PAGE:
Moving day

Princes, adorn yourselves!
This earthly house is not our home.
Princes, adorn yourselves! 

A fragment of old poetry, translated from Nahuatl to Spanish to English. I did the Spanish-English translation years ago, but still don’t know what the writer meant by Princes, adorn yourselves! To prepare for the journey? To celebrate it?

Put on me a necklace
Of varied flowers.
They are in my hands,
Garlands flower on me.
We will leave the earth here.
We are loaned to one another.
We go to His house.

That’s another translation. I’m guessing it’s from the same Nahuatl original.

I left my bottle of flowers on a random doorstep, because they would not travel well. Hopefully the person who finds the daffodils in the lemonade bottle will be pleasantly surprised. My garlands are boxes of clothing, a red bicycle, and an unused banjo in need of repair. The Asheville apartment was boxed up, the forecast was rain. A good excuse to linger in town, postpone loading the bike rack until tomorrow… an unexpected urge, given my excitement to leave. But the daffodils and forsythia were out, and the redbuds were fat, and the birds sang. Spring was about to pop. It’s rumored that spring and summer in Asheville are top notch: festivals, music, exuberance, joy. There’s a lot more to see and do here. But maybe another year. I packed boxes into the car between spells of drizzle, grateful for the slight clearing. My week of solitude had been enjoyable, but it was time to go.

Hot beverage
Typical evening fun

I’d reverted, laughably quickly, to a tame spinsterhood in J.’s absence. (He left for Georgia several days before. His paying job was over, and he was drafted as a shuttler of recently repaired family vehicles.) Alone in the apartment, I was like a grandmother in an independent living facility: baby carrots and popcorn and microwaved soup for dinner, washing my singleton dishes to a soundtrack of NPR on a clock radio, in bed by 9:30, wrapped in blankets with a candle on the nightstand, reading my library book until it’s no longer indecently early to fall asleep. Not unfun, really.

I also read Asheville: A History, by Nan Chase. Without the internet, which J. took with him, I actually visited the library in person. After reading a few chapters after work, I’d walk around town, absorbing the living history, comparing notes and impressions with the history I’d learned. The book explained many previously confounding Asheville paradoxes. Despite an SUV’s bumpersticker that proclaimed “Keep Asheville Mediocre,” Asheville is a city of extremes, nothing mediocre about it.  “Asheville: Sweet Cesspool of Sin,” sported by more than a few rundown Toyotas, may be a bit more apt. Because the town contains both the grand Art Deco high school… and the painful and belated racial integration of same. The Grove Park Inn… and crumbling sidewalks. Magnificent public edifices… and apathy masquerading as uniqueness or bohemianism. The liberal “Coexist!” enthusiasm… the persistent segregation of the community. Pride and neglect. Warmth and coolness. Skill at craft and music, skill at boozing and mooching. Even an unenlightened newcomer can sense the legacy of the extreme boom-and-bust cycles of Asheville, which, after the Depression, had the greatest per-capita debt of any city in the United States. It took until 1976 for those debts to be paid: a wonderful time capsule for architecture, but a lousy omen for infrastructure. The effects still reverberate today in overgrown underbrush (is that an oxymoron?), the kudzu choking the flowering trees, nature overtaking blacktop.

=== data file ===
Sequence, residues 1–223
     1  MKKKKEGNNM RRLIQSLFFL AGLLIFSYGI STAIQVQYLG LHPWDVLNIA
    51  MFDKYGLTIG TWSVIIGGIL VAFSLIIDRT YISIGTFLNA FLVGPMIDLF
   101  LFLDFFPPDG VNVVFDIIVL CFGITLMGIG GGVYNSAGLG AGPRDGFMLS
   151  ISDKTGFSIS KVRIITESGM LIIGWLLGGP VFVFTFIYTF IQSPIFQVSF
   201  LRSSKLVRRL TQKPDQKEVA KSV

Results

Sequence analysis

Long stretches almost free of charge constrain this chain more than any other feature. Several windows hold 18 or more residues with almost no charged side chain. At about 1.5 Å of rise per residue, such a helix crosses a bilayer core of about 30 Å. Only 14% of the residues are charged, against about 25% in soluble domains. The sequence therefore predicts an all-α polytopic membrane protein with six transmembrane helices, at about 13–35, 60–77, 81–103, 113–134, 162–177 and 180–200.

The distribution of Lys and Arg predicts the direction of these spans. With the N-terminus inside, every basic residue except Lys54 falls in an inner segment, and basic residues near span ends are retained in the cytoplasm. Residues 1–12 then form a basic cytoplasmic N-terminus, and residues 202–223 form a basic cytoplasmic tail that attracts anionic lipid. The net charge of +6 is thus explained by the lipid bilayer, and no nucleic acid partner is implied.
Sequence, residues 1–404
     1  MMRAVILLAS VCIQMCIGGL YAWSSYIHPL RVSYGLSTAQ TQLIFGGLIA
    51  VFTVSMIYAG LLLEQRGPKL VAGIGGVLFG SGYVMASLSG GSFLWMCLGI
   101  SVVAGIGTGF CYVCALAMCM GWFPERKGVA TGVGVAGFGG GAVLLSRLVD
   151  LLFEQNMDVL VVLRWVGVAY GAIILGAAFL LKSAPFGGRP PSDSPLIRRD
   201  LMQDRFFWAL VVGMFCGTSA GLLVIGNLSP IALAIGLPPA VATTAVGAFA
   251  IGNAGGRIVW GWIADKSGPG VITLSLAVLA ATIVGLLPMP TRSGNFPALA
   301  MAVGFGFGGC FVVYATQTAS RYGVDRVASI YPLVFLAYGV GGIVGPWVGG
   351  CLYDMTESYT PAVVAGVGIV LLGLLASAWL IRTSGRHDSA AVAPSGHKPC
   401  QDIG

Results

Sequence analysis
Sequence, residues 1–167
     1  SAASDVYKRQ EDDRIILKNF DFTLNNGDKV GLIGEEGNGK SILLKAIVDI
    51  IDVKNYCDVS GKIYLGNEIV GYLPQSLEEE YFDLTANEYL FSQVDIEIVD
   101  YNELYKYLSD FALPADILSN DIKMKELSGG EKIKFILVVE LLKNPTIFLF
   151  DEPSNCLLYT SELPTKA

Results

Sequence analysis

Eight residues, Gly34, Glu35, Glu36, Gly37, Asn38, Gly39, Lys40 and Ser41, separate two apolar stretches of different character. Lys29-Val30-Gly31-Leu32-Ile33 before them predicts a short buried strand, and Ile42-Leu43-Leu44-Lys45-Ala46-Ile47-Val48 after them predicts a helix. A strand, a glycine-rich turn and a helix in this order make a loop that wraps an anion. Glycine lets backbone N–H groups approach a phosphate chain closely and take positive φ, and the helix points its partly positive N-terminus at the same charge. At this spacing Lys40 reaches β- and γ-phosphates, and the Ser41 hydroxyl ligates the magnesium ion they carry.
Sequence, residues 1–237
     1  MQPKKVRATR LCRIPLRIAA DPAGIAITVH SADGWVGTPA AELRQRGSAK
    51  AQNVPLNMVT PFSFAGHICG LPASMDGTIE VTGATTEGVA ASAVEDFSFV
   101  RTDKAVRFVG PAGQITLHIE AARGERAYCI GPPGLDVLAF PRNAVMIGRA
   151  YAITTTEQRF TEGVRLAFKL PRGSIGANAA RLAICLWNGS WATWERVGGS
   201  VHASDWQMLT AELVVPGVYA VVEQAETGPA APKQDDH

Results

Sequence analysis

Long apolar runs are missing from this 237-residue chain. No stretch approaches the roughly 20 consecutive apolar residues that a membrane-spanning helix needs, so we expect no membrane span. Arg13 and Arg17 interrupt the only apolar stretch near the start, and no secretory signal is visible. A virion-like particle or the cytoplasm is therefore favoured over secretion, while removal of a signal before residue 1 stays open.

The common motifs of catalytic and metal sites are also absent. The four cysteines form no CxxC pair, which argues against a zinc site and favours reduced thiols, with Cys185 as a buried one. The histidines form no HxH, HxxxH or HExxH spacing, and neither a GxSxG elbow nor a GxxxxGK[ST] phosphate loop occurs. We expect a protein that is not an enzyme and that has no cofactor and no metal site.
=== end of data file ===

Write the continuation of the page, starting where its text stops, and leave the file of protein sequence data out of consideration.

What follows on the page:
Triangle Park Mural
A small part of the Triangle Park Mural

After clocking those last few, historically tinted miles on my labyrinthine MapMyRun of Asheville Ramblings, it was time for goodbyes, or goodbye-for-nows. I did not make fast friends here. I am a slow friendmaker. But I did make a handful of lovely acquaintances with potential. I made cocoa truffles as a gesture of thanks for my coworkers, dusted with red Hawaiian sea salt, toasted coconut, and cayenne pepper. For Carl and Jude, the lovely couple at the Farmacy Juice & Tonic Bar; for Rosanne, kind owner of the Market—the folks who let me paint their windows. For Sumitra, the tea bar woman who soothed J. and my post-move nerves with Pu-erh. And for my workmates, whether stylish, quiet, mysterious, jack-up, depressed, grumpy, kind, and/or deeply good. All containing hidden talents which I did not stay long enough to know. Everyone wrote notes in a card that Nicki gave to me along with that lemonade bottle filled with daffodils. Really touching notes. I was surprised to feel so sad to leave them. Does a part of me like leaving places because leaving makes people show you their affection?

We are loaned to one another.
We go to His house.

It’ll be good to return to the mothership for a few days: J.’s parents’ house. To smell country air and watch bluets, violets, and henbit shade the lawn lavender. To squeeze onto the sofa between family, one old cat, three dogs, maybe a rabbit. Then it is on to the next house, and again and again, until we make our own. Our own bit of earth, until we leave it. Every day is moving day!

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